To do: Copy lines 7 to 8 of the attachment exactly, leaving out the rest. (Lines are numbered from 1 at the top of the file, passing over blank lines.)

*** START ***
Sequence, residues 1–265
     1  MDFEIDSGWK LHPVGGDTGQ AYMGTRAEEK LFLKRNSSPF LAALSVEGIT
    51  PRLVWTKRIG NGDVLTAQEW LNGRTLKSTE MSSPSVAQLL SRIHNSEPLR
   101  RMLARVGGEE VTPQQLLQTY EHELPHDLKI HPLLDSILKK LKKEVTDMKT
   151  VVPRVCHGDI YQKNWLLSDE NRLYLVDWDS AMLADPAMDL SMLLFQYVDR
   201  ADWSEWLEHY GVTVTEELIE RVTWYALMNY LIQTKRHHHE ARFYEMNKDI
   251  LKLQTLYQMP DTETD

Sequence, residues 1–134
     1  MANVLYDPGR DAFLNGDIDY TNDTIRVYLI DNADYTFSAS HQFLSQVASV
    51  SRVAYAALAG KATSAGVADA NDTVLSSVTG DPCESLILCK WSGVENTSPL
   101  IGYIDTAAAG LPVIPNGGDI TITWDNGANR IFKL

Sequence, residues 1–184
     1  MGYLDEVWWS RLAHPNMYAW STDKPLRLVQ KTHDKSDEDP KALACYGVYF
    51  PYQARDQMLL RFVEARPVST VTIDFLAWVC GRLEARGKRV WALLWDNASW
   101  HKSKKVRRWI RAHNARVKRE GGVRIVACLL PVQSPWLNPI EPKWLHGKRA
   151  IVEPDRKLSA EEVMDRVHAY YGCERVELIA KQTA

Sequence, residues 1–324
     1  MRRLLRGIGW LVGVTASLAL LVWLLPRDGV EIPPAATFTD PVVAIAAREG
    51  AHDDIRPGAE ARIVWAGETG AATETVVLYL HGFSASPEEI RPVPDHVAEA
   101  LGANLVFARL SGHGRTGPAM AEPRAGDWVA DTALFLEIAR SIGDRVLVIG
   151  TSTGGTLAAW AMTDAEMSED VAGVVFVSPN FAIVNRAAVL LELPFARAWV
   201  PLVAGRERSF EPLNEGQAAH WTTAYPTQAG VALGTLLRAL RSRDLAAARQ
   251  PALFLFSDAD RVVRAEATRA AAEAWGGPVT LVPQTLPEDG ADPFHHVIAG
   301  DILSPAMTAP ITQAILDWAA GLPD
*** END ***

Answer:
   251  LKLQTLYQMP DTETD

Sequence, residues 1–134